Management Faculty Publications

This commentary is based on a recent study we conducted on the relationship between regime type, corruption, and economic development. We build a theory that links corruption and regime type to economic growth and test it on 158 countries, using multiple databases including Polity IV, transparency international, the World Bank, and others. We first distinguish three regime types, autocracy (dictatorship), anocracy (countries in early stage of democratization), and mature democracy. We found that when autocratic countries begin democratize, corruption usually gets worse. As the infant democracies mature, corruption decreases.


Democracy In The Dark: An Energy Democracy Model Centering Property And People, Feby Boediarto Jan 2017

Democracy In The Dark: An Energy Democracy Model Centering Property And People, Feby Boediarto

Pitzer Senior Theses

The United States’ electric macro-grid provides electricity for all people to sustain our lifestyle. The current governing institutions that generate our electricity limit community representation, causing procedural injustice particularly to communities of color. This thesis is a contribution to the Energy Democracy literature, describing a community-based electricity model that includes two components: property and people. I argue to include an in-depth study of John Locke’s theories on property, in addition to Elinor Ostrom’s Institutional Analysis and Development Framework to promote local knowledge in understanding how physical space and governing bodies strengthen the Energy Democracy movement. In addition, I ...


Tempered Experience: The Educational Foundation Of Democratic Ideology, Nicholas J. Schwarm Dec 2016

Tempered Experience: The Educational Foundation Of Democratic Ideology, Nicholas J. Schwarm

Philosophy Undergraduate

Democracy is a political ideology, one that requires a person to believe in that ideology for it to exist. The contemporary political landscape is dominated by democracies, and for this reason we need to understand how to build and sustain Them. There needs to be a well educated populace of citizens, who are able to engage in democratic actions, and aid the community. What they need is tempered experience, experience that is understood though the knowledge that a citizen already has.


The Core Of An Unqualified Case For Judicial Review: A Reply To Jeremy Waldron And Contemporary Critics, Alexander Kaufman, Michael B. Runnels Dec 2016

The Core Of An Unqualified Case For Judicial Review: A Reply To Jeremy Waldron And Contemporary Critics, Alexander Kaufman, Michael B. Runnels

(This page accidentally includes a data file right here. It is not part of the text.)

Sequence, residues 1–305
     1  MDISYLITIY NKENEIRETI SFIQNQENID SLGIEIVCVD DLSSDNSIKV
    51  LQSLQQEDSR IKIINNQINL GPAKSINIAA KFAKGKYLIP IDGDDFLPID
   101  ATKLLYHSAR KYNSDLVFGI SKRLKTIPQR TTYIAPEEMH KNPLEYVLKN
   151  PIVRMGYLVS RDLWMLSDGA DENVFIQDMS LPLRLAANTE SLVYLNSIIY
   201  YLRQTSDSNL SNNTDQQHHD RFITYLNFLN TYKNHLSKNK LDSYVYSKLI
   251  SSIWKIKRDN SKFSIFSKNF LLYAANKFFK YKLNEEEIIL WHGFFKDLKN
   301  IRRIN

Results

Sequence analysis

Brooklyn Law Review

No abstract provided.


Affinity Groups, Enclave Deliberation, And Equity, Carolyne Abdullah, Christopher F. Karpowitz, Chad Raphael Oct 2016

Affinity Groups, Enclave Deliberation, And Equity, Carolyne Abdullah, Christopher F. Karpowitz, Chad Raphael

Journal of Public Deliberation

There is growing appreciation for the value of holding enclave dialogue and deliberation among marginalized peoples in their own affinity groups, as one stage in a larger conversation with the broader public or with public officials. These enclaves may be disempowered by enduring political inequalities, or in relation to a particular issue under discussion, or by the act of deliberation itself. Recent research and practice has demonstrated that well-structured dialogue and deliberation in enclaves can increase the inclusion, participation, and influence of members of society who have been excluded from public discourse, while avoiding the dangers of coercion, sectarianism, conformism ...


Democracy And Development In Africa: What Africans Require, Ugochukwu M. Ifoh Oct 2016

Democracy And Development In Africa: What Africans Require, Ugochukwu M. Ifoh

Young African Leaders Journal of Development

According to the 2009 African Governance Report (AGR II), by the United Nations Economic Commission for Africa (UNECA), many democracies in Africa are suffering from an authoritarian hangover. Many African countries adopted the system of democracy because it enjoys global endorsement as the best form of government and panacea for underdevelopment. But it is a truism that development in Africa remains impeded. This is because many African leaders are ignorant and negligent of the philosophical principles upon which democracy is formed. This paper seeks to discuss, within an African framework, the link between democracy and development. The clamour for democracy ...


The Revival Of Representative Democracy In Nigeria And Its Impact On Sustainable Development, Olanrewaju Ojo Emupenne Oct 2016

The Revival Of Representative Democracy In Nigeria And Its Impact On Sustainable Development, Olanrewaju Ojo Emupenne

Young African Leaders Journal of Development

Nigeria was under military rule for near to 30 years out of her 55 years of existence after independence. During this period, corruption reached peak levels causing societal retrogression. The dawn of the Fourth Republic in 1999 heralded the revival of elections in the country. It is against this background that this study investigates the extent to which democracy has advanced and improved the living standards of citizens and increased per capita income among others. A total of 642 people, 393 males, 236 women and 13 respondents took part in the case study. The study underscores the need for a ...


Administrative Law: The U.S. And Beyond, Cary Coglianese Jul 2016

Administrative Law: The U.S. And Beyond, Cary Coglianese

Faculty Scholarship at Penn Law

Administrative law constrains and directs the behavior of officials in the many governmental bodies responsible for implementing legislation and handling governance responsibilities on a daily basis. This field of law consists of procedures for decision making by these administrative bodies, including rules about transparency and public participation. It also encompasses oversight practices provided by legislatures, courts, and elected executives. The way that administrative law affects the behavior of government officials holds important implications for the fulfillment of democratic principles as well as effective governance in society. This paper highlights salient political theory and legal issues fundamental to the U.S ...